How to Know if You Struggle with Love Addiction
By Laura K. Connell.
If you struggle with love addiction, you’re familiar with the feeling of intense interest in someone who shows little interest in you. You may skip over the getting-to-know-you phase and propel yourself into a future of undying devotion.
However, this future exists only in your mind because the object of your desire has shown no sign they feel the same way. These maladaptive and self-sabotaging patterns echo a childhood in which you had to convince yourself your parents cared and would do anything to protect you, even when they demonstrated no such intention.
Here are five signs you suffer from love addiction; see how many resonate with you.
- You are drawn to unavailable people.
These partners might have narcissistic qualities, avoid intimacy, or simply show no interest in a deeper relationship with you. You create a fantasy in your mind because it’s easier than facing the reality that this person is not interested in a real relationship.
- You find nice people boring.
You don’t feel that chemical attraction to people who treat you well. You find a way to sabotage any chance of a relationship with them because they are not creating the chaos you crave.
This is why we must not mistake that instant chemistry for a green light. In fact, it may be the red flag saying you’re about to enter a danger zone, so beware.
- You think if you try hard enough, you’ll win love.
With love addiction, red flags are ignored or excused. You think with enough love and understanding you’ll coax this person into a relationship, even when there is a pattern of evading commitment.
You approach relationships with the same striving you did with your parents or caregivers—striving that never got your needs met and which will have the same result today.
- You believe a relationship will rescue you.
Even if someone all but ignores you, you believe this person is the one who can solve all your problems. You’re convinced he or she will make your life perfect if only you can uncover the “real” person inside.
You tell yourself that once that happens, this person will understand you were meant for each other, and you can finally feel complete. If you only need less and give more, he or she will become your savior and fill the empty space inside.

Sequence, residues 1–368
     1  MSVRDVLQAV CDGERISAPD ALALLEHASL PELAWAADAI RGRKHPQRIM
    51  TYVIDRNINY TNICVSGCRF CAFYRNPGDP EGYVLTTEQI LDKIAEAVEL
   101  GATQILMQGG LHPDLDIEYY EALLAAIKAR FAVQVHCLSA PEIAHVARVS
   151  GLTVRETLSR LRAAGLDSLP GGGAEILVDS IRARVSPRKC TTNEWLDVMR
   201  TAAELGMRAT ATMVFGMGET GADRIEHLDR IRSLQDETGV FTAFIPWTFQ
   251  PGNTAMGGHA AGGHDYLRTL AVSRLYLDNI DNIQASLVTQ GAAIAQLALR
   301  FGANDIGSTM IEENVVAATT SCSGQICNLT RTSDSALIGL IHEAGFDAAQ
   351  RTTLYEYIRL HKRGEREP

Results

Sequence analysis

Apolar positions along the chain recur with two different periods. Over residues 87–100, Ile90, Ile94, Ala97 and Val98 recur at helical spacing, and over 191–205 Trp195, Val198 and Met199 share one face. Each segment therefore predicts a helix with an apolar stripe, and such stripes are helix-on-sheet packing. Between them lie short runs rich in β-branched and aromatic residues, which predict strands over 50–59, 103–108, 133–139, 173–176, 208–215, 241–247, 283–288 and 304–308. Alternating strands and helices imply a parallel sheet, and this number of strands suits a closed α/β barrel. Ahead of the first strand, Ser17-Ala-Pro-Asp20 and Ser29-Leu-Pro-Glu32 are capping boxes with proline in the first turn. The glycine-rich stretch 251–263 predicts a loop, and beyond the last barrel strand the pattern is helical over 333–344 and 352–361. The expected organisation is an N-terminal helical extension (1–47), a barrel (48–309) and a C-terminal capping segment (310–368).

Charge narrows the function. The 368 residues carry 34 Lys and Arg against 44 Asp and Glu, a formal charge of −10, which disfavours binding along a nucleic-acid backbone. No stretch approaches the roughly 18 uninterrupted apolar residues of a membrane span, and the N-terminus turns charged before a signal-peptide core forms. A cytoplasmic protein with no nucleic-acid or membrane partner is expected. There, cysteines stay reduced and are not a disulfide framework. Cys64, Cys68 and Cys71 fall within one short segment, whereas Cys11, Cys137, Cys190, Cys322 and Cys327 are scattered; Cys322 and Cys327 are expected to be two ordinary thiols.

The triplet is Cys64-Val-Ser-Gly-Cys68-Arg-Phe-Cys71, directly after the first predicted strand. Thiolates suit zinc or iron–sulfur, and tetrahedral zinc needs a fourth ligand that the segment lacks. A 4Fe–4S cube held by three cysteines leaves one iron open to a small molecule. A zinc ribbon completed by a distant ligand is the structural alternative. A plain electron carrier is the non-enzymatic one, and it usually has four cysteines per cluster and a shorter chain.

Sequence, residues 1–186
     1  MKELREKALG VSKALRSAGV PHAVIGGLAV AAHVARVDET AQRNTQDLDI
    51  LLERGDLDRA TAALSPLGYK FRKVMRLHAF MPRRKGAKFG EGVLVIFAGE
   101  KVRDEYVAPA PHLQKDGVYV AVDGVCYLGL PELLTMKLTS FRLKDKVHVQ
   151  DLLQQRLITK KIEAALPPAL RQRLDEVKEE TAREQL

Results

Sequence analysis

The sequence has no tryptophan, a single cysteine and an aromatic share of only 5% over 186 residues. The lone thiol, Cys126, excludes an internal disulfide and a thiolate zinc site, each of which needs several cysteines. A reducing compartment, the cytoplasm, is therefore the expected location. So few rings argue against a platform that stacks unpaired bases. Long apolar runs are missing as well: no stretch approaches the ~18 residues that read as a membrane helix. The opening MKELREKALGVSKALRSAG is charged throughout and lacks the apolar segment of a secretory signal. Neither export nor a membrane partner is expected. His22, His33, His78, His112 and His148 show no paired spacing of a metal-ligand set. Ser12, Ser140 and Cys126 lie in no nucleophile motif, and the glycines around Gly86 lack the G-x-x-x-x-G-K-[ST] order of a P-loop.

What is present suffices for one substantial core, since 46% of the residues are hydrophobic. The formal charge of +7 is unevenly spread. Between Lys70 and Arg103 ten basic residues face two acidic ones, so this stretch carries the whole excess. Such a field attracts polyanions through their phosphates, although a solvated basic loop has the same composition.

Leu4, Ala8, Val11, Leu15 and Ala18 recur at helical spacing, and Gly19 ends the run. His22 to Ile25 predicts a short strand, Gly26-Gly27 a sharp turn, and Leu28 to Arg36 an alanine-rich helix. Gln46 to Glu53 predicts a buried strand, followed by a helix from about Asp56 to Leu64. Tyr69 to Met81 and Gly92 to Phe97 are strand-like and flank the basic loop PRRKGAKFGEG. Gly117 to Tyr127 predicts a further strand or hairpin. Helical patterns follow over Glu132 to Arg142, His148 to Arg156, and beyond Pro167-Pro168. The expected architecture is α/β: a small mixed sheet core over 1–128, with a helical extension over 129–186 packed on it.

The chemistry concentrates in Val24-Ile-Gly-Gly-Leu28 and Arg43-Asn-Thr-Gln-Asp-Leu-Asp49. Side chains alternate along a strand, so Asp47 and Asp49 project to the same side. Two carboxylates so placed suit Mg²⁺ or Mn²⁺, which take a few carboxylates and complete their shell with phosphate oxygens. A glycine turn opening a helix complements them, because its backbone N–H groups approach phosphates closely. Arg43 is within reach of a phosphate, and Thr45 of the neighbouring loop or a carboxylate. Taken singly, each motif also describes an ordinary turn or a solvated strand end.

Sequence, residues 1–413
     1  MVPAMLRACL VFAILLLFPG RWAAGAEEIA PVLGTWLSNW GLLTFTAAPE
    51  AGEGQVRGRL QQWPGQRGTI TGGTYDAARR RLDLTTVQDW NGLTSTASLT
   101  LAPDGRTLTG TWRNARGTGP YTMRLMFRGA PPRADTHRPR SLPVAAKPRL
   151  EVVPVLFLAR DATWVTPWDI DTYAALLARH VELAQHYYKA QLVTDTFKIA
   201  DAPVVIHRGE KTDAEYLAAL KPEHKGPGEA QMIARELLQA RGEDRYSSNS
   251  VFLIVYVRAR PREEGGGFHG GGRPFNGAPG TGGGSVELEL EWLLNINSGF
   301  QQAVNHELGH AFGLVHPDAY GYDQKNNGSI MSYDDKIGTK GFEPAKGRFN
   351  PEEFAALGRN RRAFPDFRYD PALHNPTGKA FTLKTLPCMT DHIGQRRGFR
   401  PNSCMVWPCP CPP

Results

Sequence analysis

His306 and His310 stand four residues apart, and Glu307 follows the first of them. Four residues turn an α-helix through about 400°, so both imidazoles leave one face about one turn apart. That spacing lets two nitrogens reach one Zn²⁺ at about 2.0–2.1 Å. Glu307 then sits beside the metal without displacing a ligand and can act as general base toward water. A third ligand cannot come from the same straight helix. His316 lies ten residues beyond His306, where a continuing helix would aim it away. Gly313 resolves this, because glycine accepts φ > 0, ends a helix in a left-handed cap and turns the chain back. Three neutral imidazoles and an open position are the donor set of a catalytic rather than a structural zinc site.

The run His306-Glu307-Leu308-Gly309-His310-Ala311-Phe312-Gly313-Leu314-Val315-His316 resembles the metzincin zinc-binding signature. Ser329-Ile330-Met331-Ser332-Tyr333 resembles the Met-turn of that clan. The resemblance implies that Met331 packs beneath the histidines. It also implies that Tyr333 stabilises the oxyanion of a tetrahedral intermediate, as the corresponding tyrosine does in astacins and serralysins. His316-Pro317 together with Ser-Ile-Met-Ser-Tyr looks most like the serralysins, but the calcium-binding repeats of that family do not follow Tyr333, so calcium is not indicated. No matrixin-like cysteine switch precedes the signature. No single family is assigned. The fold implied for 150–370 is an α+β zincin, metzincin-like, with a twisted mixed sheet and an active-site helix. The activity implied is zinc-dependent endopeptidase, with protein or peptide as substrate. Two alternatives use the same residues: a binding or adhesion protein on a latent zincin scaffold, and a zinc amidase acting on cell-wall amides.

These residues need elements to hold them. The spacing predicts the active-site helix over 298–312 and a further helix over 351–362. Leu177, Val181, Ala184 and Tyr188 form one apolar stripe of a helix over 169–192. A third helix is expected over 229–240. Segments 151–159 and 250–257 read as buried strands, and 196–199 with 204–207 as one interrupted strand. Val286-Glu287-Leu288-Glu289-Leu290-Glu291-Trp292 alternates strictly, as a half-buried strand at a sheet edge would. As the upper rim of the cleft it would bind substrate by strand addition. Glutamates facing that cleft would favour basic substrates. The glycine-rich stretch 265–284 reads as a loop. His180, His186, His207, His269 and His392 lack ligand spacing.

- You re-create past trauma.
With love addiction, you’re attracted to partners who make you feel the same way your parents or caregivers did. You reenact this need to win their love by becoming clingy and frantic for their attention.
This activates the person’s fear of intimacy, and they pull away, which only makes you work harder to win their affection. The feeling of longing for someone who appears distant or as though he cares much less about you is compelling because it’s familiar.
It triggers the same false promise it did with your mom or dad (or another caregiver): if I only try hard enough, this person will love me; if I can only be perfect, this person will finally see I’m worthwhile.
How to Recover from Love Addiction:
Take Time Alone for Self-Care
Love addiction often means going from one relationship to another without taking a break to focus on your own needs or process what happened. Consider some time off from dating to date yourself for a while.
Just as we need self-connection before we can connect with others, self-fulfillment comes from within, rather than as a product of what others give us.
See Dating as Information-Gathering
If you struggle with love addiction, you may treat dating as a one-sided test where you prove your worthiness as a romantic partner. Begin to see dating instead as an information-gathering exercise.
Listen to what the other person is telling you without sugar-coating it or telling yourself it means something different. In addition, pay attention to their actions which speak more loudly than words.
Laura K. Connell is a trauma-informed author & coach who helps her clients recover from the devastating impact of dysfunctional family trauma. Take the Dysfunctional Family Roles quiz here: https://www.laurakconnell.com/dysfunctional-family-roles-quiz